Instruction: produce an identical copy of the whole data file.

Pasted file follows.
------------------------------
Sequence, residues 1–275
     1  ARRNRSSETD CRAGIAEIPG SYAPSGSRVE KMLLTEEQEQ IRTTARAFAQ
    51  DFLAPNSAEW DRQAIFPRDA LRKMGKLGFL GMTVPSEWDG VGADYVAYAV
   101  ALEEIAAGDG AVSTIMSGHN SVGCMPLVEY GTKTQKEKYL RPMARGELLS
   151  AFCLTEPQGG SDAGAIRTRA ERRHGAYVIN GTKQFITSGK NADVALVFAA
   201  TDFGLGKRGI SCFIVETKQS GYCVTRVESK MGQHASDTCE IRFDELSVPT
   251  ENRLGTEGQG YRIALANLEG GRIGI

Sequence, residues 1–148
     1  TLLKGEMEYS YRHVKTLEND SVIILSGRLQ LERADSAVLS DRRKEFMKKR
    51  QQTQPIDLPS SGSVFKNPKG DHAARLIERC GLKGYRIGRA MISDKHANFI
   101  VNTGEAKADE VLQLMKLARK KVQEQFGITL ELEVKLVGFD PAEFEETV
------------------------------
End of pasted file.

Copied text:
Sequence, residues 1–275
     1  ARRNRSSETD CRAGIAEIPG SYAPSGSRVE KMLLTEEQEQ IRTTARAFAQ
    51  DFLAPNSAEW DRQAIFPRDA LRKMGKLGFL GMTVPSEWDG VGADYVAYAV
   101  ALEEIAAGDG AVSTIMSGHN SVGCMPLVEY GTKTQKEKYL RPMARGELLS
   151  AFCLTEPQGG SDAGAIRTRA ERRHGAYVIN GTKQFITSGK NADVALVFAA
   201  TDFGLGKRGI SCFIVETKQS GYCVTRVESK MGQHASDTCE IRFDELSVPT
   251  ENRLGTEGQG YRIALANLEG GRIGI

Sequence, residues 1–148
     1  TLLKGEMEYS YRHVKTLEND SVIILSGRLQ LERADSAVLS DRRKEFMKKR
    51  QQTQPIDLPS SGSVFKNPKG DHAARLIERC GLKGYRIGRA MISDKHANFI
   101  VNTGEAKADE VLQLMKLARK KVQEQFGITL ELEVKLVGFD PAEFEETV